It was proposed to the Board that some small handsome present should be sent by these people to each king or Chief of the five nations, and accordingly it was Resolved, that a fine Laced Stroudwater matchcoat and a fine white shirt should be provided for each of the Chiefs, & sent by these now going ; Which being interpreted to them, they Expressed a great satisfaction in it, and offered their service Gladly to be the bearers of it. It was then proposed what presents should be provided for these people in return of theirs, & being agreed on to the value of £—, they were ordered to be Delivered. (p. 549) DOCUMENT 27 John Lawson, in his History of North Carolina published in 1714 describes the Christian inhabitants of the North Carolina “backcountry.” How does he differentiate between the industry and work of the male and female colonists in this region? … As for those of our own Country in Carolina, some of the Men are very laborious, and make great Improvements in their Way; but I dare hardly give ’em that Character in general.
The Easy way of living in that plentiful Country, makes a great many Planters very negligent, which, were they otherwise, that Colony might now have been in a far better Condition than it is, (as to Trade, and other Advantages) which an universal Industry would have led them into. The Women are the most industrious Sex in that Place, and, by their good Housewifry, make a great deal of Cloath of their own Cotton, Wool and Flax; some of them keeping their Families (though large) very decently apparel’d, both with Linnens and Woollens, so that they have no occasion to run into the Merchant’s Debt, or lay their Money out on Stores for Cloathing. The Christian Natives of Carolina are a straight, clean-limb’d People; the Children being seldom or never troubled with Rickets, or those other Distempers, that the Europeans are visited withal. ‘Tis next to a Miracle, to see one of them deform’d in Body.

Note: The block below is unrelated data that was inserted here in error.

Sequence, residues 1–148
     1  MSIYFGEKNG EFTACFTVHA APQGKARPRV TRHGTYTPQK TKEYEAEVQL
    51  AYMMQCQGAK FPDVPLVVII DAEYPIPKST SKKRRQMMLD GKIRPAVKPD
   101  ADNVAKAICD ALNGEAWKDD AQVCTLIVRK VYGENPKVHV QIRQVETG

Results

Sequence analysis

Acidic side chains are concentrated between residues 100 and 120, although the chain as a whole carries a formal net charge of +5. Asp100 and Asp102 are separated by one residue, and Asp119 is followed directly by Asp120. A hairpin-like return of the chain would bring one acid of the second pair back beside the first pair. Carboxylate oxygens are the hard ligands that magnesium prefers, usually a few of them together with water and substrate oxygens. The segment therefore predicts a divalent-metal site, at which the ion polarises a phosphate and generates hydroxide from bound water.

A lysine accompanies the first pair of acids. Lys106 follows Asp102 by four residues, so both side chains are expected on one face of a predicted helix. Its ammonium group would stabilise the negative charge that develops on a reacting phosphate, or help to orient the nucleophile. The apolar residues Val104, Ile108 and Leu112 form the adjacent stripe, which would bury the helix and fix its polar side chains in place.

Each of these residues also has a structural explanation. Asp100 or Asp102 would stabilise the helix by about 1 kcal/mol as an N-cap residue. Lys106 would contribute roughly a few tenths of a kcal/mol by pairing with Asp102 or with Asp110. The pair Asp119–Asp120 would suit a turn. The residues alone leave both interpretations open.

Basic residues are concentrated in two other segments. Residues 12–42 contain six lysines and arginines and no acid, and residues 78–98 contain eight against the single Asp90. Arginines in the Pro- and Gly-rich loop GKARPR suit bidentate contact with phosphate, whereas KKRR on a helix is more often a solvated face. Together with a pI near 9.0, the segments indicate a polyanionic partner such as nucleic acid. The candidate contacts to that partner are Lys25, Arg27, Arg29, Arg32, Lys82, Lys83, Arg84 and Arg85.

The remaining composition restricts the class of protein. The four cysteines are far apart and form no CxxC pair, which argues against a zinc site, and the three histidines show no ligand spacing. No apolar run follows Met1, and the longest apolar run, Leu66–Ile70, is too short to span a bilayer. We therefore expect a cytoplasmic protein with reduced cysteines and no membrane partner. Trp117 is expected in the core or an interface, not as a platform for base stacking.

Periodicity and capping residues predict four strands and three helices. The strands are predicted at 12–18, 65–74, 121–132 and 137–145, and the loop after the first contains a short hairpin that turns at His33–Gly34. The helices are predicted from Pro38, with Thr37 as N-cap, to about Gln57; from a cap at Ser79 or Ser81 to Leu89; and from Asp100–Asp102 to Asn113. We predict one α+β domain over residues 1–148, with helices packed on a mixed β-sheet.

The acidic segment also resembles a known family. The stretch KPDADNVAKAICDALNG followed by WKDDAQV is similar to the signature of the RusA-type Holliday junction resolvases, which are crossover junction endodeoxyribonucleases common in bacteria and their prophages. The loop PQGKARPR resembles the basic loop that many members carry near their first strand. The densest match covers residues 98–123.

The Vicinity of the Sun makes Impression on the Men, who labour out of doors, or use the Water.
As for those Women, that do not expose themselves to the Weather, they are often very fair, and generally as well featur’d, as you shall see any where, and have very brisk charming Eyes, which sets them off to Advantage.
They marry very young; some at Thirteen or Fourteen; and She that stays till Twenty, is reckon’d a stale Maid; which is a very indifferent Character in that warm Country.
The Women are very fruitful; most Houses being full of Little Ones.
It has been observ’d, that Women long marry’d, and without Children, in other Places, have remov’d to Carolina, and become joyful Mothers.
They have very easy Travail in their Child-bearing, in which they are so happy, as seldom to miscarry.
Both Sexes are generally spare of Body, and not Cholerick, nor easily cast down at Disappointments and Losses, seldom immoderately grieving at Misfortunes, unless for the Loss of their nearest Relations and Friends, which seems to make a more than ordinary Impression upon them.
Many of the Women are very handy in Canoes, and will manage them with great Dexterity and Skill, which they become accustomed to in this watry Country.
They are ready to help their Husbands in any servile Work, as Planting, when the Season of the Weather requires Expedition; Pride seldom banishing good Housewifry.
The Girls are not bred up to the Wheel, and Sewing only; but the Dairy and affairs of the House they are very well acquainted withal; so that you shall see them, whilst very young, manage their Business with a great deal of Conduct and Alacrity.